70 pages 2 hours read

George Orwell

Animal Farm

Fiction | Novel | Adult | Published in 1945

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Humans Versus Animals

Underlying Animal Farm is the question: Are humans better than animals? Orwell presents his animal characters anthropomorphically—i.e., with human characteristics and actions. They embody a variety of personality traits that we recognize in people every day: the rabble rouser (Major), the inspiring leader (Snowball), the corrupt tyrant (Napoleon), the dedicated and loyal worker (Boxer), etc. Thus, Orwell’s purpose is to depict human nature under an unfamiliar and whimsical guise.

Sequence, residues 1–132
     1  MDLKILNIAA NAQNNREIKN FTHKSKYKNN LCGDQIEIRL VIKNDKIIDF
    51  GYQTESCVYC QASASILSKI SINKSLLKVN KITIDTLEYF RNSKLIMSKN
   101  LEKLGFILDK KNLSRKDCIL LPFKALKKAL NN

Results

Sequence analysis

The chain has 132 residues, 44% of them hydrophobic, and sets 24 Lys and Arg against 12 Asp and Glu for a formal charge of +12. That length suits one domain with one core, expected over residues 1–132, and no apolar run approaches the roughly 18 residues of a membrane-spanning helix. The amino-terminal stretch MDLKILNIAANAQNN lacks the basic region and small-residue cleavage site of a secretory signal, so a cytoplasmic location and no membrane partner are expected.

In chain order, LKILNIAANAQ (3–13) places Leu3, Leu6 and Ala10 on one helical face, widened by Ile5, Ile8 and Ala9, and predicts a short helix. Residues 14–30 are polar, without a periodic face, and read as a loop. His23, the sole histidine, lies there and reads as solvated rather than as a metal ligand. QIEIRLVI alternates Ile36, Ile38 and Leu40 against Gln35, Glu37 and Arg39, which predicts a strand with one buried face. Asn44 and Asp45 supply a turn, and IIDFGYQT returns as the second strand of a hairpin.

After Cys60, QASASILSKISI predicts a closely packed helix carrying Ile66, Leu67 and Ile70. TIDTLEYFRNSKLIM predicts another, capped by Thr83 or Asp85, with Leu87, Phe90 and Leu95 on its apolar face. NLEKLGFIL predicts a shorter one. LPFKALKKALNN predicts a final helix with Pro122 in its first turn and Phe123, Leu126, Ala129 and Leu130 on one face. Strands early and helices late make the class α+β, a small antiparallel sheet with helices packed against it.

In Animal Farm, humans and animals are presented as being on the same level and as interacting as equal beings. We are accustomed to speaking of animal behavior as savage and cruel, but Orwell asks us to reflect on whether human behavior is really different from that of animals. Like the animals in the book, humans have led violent revolutions, engaged in corrupt rule, carried out murder under the guise of charity (as happens with Boxer), and bent morality to suit their desires. On the other hand, the animals are also capable of displaying virtues like hard work, loyalty, kindness, and self-sacrifice. Like human beings, they show extremes of intelligence, cunning, and stupidity.

The idea that humans are little different from animals is driven home in the final scene in the farmhouse, when the boundaries between human and the pig identities literally blur.